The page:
As a Scotland player, the build up to almost any match is accompanied by some sort of unwanted statistic. I’m no rugby anorak, but one that occurred to me this week is that we have not won in Cardiff since 2002. I had a notion that I was on the pitch for that game, but only the dimmest memory of the details, so I looked it up on YouTube to find that some incurable completist had taken the trouble to upload it. I’m guessing that his main motivation was that this was Bill McLaren’s final commentary on an international match, because the game itself didn’t merit being recorded for posterity.
It was horrible. I had to fast forward through certain bits as my embarrassment for all involved, not least myself, was getting too much.
An extra 14 years of professionalism has changed the sport almost beyond recognition and that 2002 match has a slightly Pathe newsreel, uncontrolled look to it now.
There are a handful of players from both teams that could be transposed directly into the 2016 version of rugby and not look out of place. Say, Bryan Redpath, Glenn Metcalfe and Tom Smith for Scotland and Rob Howley, Stephen Jones and Colin Charvis for Wales. But most of the rest of us give the impression of not really having a clue what we were doing, at least by modern measures. Some wouldn’t look out of place in a pub team. In fact, my clearest memory of the match is tackling one of the Welsh subs and being engulfed by the unmistakable smell of last night’s lager.
But the poor quality of the match wasn’t actually indicative of the 2002 Six Nations as a whole. In the early 2000s, a clear hierarchy had emerged, with England having recently overtaken France as the major force in the tournament, Ireland third in the pecking order and improving and Wales, Scotland and Italy fighting for the crumbs.
The idea, in the immediate aftermath of Scotland’s scrappy 2002 win, that we were about to enter such a dry spell against Wales would have been unthinkable. France and England had surged ahead of the rest since the start of professionalism, and while it seemed unlikely we could bridge that gap any time soon, we always felt we had a chance of picking up points from one of the other three.
But then, almost by accident it seemed at the time, Wales made their great leap forward. Whilst we were floundering under Williams, Wales built on the confidence they had gained from the 2003 World Cup, culminating in their 2005 Grand Slam. So, when Warren Gatland arrived in 2008 to perform a reboot, he was working with players who already had the knowledge (ie not just hope, or belief) that they could beat every other team in the competition. He was then able to bolt on the hard-nosed, physical approach and simple game-plan, a game-plan that has barely changed in the past eight years, which have made their success sustainable.
Having talents like Jamie Roberts, Alun Wyn Jones and Sam Warburton certainly helps, but that single-minded clarity of purpose has been key in making Wales more than the sum of their parts. It is important for any international side to have a clear, easily quantifiable identity. So Ireland are ultra-organised, stifling at the breakdown and have a superb kick-and-chase game. England look to be getting back to their traditional setpiece-based power game, at least for the time being, and Guy Noves has set his stall out early, with France in playing an off-loading, Toulousain style against Italy.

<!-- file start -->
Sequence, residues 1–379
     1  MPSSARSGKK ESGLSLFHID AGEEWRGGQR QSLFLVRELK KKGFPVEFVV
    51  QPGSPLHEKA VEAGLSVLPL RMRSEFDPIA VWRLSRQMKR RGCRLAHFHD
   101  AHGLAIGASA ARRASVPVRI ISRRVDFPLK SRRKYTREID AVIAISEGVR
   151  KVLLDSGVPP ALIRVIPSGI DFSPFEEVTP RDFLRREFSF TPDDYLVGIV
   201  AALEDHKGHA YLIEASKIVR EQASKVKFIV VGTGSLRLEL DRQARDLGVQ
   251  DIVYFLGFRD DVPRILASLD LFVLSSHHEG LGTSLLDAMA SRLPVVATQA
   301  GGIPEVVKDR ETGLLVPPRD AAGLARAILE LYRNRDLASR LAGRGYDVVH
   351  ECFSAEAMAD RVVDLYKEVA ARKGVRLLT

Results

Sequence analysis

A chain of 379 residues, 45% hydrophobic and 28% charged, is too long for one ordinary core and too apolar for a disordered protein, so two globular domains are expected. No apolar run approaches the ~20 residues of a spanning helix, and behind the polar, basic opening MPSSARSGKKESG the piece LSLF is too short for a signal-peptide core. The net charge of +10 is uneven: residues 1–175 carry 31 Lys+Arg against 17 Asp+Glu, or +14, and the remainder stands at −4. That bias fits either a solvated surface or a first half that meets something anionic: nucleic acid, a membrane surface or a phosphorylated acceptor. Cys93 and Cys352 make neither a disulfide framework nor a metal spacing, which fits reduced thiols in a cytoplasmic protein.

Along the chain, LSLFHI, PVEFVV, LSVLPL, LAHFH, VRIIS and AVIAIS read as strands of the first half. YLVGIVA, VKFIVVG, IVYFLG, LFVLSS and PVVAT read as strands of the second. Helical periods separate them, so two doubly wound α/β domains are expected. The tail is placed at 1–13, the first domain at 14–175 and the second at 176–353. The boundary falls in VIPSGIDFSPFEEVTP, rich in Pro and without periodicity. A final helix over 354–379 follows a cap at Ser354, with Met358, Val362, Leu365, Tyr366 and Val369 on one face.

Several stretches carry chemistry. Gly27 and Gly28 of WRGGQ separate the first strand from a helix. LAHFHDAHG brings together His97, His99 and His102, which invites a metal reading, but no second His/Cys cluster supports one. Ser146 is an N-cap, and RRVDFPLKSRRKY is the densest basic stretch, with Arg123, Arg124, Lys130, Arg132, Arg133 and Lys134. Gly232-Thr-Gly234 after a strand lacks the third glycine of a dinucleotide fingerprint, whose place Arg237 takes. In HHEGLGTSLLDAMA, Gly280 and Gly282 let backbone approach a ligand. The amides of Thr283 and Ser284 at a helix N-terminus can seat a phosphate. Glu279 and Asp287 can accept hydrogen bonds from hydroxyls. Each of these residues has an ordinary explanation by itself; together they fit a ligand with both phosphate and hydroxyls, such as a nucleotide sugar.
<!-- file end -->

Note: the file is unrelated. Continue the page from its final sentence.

At the moment, Scotland, too, are striving for their own unmistakable modus operandi. In the past, with Frank Hadden, we went wide to wide while, under Andy Robinson, we played some lovely multi-phase stuff (although, similar to last Saturday, sometimes overdoing it in the wrong areas of the pitch). Under Vern Cotter, we seem to have a template of hitting up forward pods off nine, alternated with going out of the back of the pod so Finn Russell can try to get Mark Bennett, Tommy Seymour or Stuart Hogg the chance of a one-on-one. It’s simple enough stuff and, as Wales demonstrate, there is nothing wrong with simple, but perhaps against England we weren’t quite ferocious enough in the carry or the clear-out to make it effective. It was all a bit laboured.
Fortunately for us, unlike 2002, we now have the players with the skill and physical attributes to tweak and progress this gameplan. It’s not necessarily what you do but the way that you do it. That is what really gives you an identity. In this respect, I would look to Exeter Chiefs for inspiration. They are playing the best rugby in the UK at the moment, not because they do anything particularly clever, but because of the visible intent with which they approach the game. From minute one they are at the opposition, asking different questions. They go wide; hit up off nine; pick through the middle of the ruck; drive lineouts to score. Pretty bog standard stuff, but all done with the maximum of tempo and accuracy.
That’s what we need today: sheer intent. Speed the game up, be brave and go wide early, get a bit more speed into our phase play, kick for space if we are going nowhere. And, apologies, but best not look to 2002 for inspiration.